Before heading over to Mark Devenport’s blog to see the draft Bill of Rights, delivered by Chris Sidoti for discussion at the Bill of Rights Forum, it is worth reminding people what the remit given the Forum was in the first place:
To advise on the scope for defining, in Westminster legislation, rights supplementary to those in the European Convention on Human Rights, to reflect the particular circumstances of Northern Ireland, drawing as appropriate on international instruments and experience. These additional rights to reflect the principles of mutual respect for the identity and ethos of both communities and parity of esteem, and taken together with the ECHR to constitute a Bill of Rights for Northern Ireland.
Now, before anyone panics, there is still most of a weekend of discussions (and presumably a lot of horse trading) before this gets passed on to the Human Rights Commission. Thence, it will pass through various hands (the most brutal of which is likely to be the NIO) before showing up at Stormont. But some of the stuff that’s in there bears little relationship to enactable law. More importantly, much of seems to have flagrantly ignored the remit and/or has gone way beyond matters that are under the control of the devolved institutions.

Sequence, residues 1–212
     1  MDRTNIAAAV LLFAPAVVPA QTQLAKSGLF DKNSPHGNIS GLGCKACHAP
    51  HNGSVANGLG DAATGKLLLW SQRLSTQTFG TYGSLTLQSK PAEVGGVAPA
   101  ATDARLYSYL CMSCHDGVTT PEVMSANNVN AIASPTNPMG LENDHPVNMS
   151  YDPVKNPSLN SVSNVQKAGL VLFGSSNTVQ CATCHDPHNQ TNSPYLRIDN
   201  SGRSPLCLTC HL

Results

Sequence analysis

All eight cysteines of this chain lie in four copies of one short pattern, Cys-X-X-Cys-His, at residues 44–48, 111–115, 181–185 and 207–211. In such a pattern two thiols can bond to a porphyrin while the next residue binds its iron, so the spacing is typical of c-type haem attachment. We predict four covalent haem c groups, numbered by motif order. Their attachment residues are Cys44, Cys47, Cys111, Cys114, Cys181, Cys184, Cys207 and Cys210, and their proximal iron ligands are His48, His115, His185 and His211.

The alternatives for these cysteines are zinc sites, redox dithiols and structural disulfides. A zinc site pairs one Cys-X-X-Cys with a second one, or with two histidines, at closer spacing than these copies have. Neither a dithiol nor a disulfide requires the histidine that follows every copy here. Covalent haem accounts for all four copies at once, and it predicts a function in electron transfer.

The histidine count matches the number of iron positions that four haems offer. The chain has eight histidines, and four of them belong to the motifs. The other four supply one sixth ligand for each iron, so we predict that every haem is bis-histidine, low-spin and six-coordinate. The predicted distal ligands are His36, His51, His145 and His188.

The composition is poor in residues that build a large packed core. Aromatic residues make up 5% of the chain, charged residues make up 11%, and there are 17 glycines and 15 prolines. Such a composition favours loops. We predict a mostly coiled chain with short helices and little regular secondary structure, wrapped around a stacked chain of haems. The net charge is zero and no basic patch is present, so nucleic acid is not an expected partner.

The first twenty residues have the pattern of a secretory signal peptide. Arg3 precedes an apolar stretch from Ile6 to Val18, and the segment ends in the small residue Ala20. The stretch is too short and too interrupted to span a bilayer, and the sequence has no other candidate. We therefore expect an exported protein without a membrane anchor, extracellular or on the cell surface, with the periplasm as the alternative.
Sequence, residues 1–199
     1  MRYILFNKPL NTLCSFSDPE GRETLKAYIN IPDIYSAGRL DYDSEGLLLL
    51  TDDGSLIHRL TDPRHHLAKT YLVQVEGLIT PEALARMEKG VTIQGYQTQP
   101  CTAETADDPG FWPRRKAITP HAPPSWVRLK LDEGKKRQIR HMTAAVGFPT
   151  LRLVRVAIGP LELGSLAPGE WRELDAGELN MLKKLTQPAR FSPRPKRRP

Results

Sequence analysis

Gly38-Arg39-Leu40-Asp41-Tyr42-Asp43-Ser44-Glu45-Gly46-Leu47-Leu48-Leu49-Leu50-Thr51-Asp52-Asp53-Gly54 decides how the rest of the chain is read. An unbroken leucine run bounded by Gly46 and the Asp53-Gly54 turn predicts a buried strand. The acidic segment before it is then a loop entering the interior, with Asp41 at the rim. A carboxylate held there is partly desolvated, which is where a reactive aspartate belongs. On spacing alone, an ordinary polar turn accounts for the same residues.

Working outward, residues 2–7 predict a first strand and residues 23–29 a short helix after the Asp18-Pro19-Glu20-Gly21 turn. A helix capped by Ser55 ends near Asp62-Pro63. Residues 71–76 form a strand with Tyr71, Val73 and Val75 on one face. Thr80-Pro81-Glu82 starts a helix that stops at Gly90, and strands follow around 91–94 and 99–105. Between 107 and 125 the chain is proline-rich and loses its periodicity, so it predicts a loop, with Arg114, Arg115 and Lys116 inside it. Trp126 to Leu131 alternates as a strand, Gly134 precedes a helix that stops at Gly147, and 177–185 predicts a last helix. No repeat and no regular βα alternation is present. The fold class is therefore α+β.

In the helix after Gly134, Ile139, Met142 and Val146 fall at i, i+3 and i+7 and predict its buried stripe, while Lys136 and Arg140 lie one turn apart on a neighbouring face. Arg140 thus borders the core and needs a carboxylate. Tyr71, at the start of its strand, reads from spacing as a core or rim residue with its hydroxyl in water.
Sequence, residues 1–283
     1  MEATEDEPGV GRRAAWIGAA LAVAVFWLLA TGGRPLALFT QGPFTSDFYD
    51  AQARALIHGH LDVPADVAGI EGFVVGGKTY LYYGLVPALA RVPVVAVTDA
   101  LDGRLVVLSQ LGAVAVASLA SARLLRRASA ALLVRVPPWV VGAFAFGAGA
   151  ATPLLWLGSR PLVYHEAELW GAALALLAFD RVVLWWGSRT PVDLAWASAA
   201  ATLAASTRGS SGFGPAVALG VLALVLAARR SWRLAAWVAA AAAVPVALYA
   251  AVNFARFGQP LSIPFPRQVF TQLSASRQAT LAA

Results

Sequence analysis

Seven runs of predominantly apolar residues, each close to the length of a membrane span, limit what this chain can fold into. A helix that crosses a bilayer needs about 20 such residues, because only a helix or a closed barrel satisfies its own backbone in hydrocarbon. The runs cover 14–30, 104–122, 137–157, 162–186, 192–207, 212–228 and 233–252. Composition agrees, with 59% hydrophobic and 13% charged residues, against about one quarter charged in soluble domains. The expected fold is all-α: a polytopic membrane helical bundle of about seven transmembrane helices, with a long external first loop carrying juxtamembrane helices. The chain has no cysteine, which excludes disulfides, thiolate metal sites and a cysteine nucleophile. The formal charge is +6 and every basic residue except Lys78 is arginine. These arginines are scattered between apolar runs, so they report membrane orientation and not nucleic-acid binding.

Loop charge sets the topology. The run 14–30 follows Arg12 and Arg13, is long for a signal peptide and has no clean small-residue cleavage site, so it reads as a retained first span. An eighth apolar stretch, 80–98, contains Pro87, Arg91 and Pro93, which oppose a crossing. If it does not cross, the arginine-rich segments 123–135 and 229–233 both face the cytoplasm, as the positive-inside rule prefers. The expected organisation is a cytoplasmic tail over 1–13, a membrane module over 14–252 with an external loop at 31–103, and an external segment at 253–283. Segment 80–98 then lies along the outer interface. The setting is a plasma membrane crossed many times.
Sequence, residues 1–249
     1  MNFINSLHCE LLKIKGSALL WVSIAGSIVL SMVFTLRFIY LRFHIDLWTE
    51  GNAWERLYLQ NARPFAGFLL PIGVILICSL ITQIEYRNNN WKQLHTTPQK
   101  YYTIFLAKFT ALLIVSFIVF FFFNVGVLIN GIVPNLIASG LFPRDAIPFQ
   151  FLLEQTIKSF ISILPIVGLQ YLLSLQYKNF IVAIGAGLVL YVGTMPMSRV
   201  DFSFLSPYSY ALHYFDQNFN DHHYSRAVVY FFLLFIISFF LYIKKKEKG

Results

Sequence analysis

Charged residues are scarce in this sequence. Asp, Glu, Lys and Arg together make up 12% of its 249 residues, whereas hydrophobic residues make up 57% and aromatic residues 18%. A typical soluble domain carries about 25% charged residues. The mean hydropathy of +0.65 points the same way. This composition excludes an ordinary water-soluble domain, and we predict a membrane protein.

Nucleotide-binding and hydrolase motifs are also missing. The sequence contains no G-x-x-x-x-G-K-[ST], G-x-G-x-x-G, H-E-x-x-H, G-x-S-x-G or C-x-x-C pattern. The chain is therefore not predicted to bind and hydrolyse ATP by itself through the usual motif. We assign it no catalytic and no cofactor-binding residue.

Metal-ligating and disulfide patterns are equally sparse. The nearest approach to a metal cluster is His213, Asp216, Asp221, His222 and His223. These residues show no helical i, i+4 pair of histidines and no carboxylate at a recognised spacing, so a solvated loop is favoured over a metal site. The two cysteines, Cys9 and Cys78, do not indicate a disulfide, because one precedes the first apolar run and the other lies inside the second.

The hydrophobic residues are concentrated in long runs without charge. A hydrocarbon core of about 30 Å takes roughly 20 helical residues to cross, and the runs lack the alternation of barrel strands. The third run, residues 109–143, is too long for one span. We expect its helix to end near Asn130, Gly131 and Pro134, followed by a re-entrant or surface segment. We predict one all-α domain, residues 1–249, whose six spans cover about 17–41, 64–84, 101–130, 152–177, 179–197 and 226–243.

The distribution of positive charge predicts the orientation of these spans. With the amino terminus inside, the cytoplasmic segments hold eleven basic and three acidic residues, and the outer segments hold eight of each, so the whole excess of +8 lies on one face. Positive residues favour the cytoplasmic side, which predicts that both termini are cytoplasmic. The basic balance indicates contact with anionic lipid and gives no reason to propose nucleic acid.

One slightly bemused delegate told Slugger:
The Unionists are largely opposed as most new rights are outwith the remit, excepted (UK) matters, programmatic, party political issues or uncosted as well as frequently repeating what is in the ECHR and thus the Human Rights Act.
The ‘voluntary’ sector has no concept of compromise and are almost religious in their certainties. Zealotry is one description or silent solidarity. CoSO could be described as the mute sector.
Most of its proposals are worthy but to the left of the left of the Labour Party. The SDLP is in favour of anything and everything except abortion and won’t oppose any SF proposal. DUP were somewhat intermittent in their attendance but have become more rigorous of late.
Another source agreed to an extent there was an air of unreality to some of the proposals coming from the voluntary sectors, but that some of the critical players, like the Unions, had experience of bargaining and was confident that the final draft can be whittled down to something more likely to get enacted.
There has been no voting mechanism agreed, so the Forum is in for an intense weekend of horse trading bit by bit until it’s offering due to be delivered on Monday at 2pm at the Hilton Hotel. A rally called by the Human Rights Consortium for Monday afternoon has been cancelled due to “ongoing workloads and time restrictions in the build up to the end of the Forum’s work”.